Four people, including a Garden City attorney and his wife, were arrested on federal bank fraud and conspiracy charges in a scheme that authorities said involved flipping a short-sale foreclosure property to a Catholic school -- while defrauding the Bank of America out of more than $500,000.

Nicholas A. Pellegrini, 51, and his wife, Paula Berckhoff, aka Paula Pellegrini, 34, both of Garden City, as well as Joseph Atias, 50, and his wife, Sofia Atias, 44, both of Great Neck, were arrested Tuesday, the U.S. Department of Justice said.

The four are to be arraigned Tuesday afternoon before U.S. Magistrate Judge William D. Wall at U.S. District Court in Central Islip, authorities said.

Each defendant faces up to 30 years in prison and fines as well as the forfeiture of $539,000 in alleged illegal profits from the sale.

Federal authorities said Sofia Atias defaulted in 2011 on a $750,000 mortgage on a home at 83 Cathedral Ave. in Hempstead -- property adjacent to Sacred Heart Academy, an all-girls Catholic School. As Bank of America began foreclosure proceedings, authorities said Nicholas Pellegrini, acting as attorney for the Atias, reached an agreement to sell the home and property to Sacred Heart for $925,000 -- an amount, federal authorities said, that "would have been enough to repay the Atias' debts to the bank."

Instead, authorities said, Joseph and Sofia Atias convinced Bank of America to agree to short-sale the property to the Jefferson Real Property Corp., whose secretary and treasurer was Paula Berckhoff -- aka Paula Pellegrini -- for just $480,000. Authorities said both Paula Pellegrini and Sofia Atias then "both falsely represented that neither would receive any undisclosed proceeds from the transaction" -- and "further claimed that the short sale was not an attempt to 'flip' or use 'straw buying' to avoid repayment" of the debt.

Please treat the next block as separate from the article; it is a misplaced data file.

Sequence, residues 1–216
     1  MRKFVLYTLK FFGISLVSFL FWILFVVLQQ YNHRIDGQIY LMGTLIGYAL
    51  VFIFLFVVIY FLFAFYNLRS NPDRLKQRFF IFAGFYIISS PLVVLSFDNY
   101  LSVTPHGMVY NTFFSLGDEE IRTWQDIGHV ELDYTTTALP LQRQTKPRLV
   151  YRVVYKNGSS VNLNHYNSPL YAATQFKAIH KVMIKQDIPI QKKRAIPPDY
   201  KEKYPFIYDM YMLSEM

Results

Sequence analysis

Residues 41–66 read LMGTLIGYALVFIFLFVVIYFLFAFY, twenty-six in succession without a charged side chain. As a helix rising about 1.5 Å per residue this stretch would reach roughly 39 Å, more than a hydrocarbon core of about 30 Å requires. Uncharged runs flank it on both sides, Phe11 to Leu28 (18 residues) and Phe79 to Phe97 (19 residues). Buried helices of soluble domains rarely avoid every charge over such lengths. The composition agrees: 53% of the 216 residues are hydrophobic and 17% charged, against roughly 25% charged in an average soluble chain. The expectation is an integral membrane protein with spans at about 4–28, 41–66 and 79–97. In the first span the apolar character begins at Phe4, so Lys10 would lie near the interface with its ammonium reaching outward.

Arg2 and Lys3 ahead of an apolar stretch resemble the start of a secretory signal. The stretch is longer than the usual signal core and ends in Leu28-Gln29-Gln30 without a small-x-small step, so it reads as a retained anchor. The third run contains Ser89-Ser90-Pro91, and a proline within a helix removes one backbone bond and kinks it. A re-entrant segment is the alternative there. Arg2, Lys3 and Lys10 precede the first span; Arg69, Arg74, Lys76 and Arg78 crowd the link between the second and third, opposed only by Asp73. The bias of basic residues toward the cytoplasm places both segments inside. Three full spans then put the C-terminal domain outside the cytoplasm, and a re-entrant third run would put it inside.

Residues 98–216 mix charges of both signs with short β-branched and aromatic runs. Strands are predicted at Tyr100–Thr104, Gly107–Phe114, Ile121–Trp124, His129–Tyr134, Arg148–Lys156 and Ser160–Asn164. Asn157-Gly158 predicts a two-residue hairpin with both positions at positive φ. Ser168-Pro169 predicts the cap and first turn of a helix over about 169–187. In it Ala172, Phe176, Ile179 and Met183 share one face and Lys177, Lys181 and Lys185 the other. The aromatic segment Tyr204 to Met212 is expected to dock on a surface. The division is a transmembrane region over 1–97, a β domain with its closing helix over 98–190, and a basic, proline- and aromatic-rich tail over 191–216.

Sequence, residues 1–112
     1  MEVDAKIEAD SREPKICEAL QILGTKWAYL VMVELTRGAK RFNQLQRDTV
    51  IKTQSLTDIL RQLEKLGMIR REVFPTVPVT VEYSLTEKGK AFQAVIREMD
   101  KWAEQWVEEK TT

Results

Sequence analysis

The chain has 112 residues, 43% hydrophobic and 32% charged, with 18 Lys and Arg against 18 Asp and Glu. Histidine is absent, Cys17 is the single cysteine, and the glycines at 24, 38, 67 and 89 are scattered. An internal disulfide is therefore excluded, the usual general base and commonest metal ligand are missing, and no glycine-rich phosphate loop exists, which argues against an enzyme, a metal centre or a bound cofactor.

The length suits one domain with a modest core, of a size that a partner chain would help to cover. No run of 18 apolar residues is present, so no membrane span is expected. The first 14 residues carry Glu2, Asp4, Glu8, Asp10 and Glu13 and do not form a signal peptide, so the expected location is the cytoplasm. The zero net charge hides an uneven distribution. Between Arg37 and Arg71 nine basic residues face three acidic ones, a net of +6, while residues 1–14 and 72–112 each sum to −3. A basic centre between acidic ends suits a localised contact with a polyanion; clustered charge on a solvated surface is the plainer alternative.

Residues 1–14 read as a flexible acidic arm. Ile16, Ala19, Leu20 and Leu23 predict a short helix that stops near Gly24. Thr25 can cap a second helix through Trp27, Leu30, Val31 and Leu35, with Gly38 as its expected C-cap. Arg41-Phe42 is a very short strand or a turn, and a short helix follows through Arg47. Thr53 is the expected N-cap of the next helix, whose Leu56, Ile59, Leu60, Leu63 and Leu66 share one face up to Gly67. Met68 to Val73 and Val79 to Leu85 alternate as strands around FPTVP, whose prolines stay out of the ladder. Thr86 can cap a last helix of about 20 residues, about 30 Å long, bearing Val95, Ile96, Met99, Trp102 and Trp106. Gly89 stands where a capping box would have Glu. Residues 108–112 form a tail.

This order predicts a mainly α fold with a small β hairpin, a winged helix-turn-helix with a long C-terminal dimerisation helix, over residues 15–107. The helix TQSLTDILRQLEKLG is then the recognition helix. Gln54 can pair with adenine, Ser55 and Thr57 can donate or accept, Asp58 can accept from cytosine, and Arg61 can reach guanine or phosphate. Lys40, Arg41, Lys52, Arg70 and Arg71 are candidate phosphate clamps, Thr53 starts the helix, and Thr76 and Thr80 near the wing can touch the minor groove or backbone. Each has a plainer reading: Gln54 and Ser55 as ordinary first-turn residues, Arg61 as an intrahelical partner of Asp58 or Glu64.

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But, according to the indictment announced Tuesday by U.S. attorney for the Eastern District of New York, Loretta E. Lynch, and George Venizelos, assistant director-in-charge of the FBI's New York Field Office, just months after the fraudulent short sale the two couples did resell -- or flip -- the house, finalizing the deal with Sacred Heart Academy for the agreed-upon price of $925,000. The deal defrauded Bank of America out of $539,000, authorities said.

"Through a web of lies and false documents, the defendants took advantage of a school's desires to improve its' students' athletic facilities, lied to win concessions from a bank, and then lied again by 'flipping' the property and defrauding the bank of over a half a million dollars," Lynch said.

As Venizelos said: "Bank fraud burdens lenders with bad loans and weakens our financial markets. Individuals who engage in this criminal activity should be reminded that they will be vigorously investigated and held accountable."

It was not immediately clear if any of the four arrested is represented by an attorney.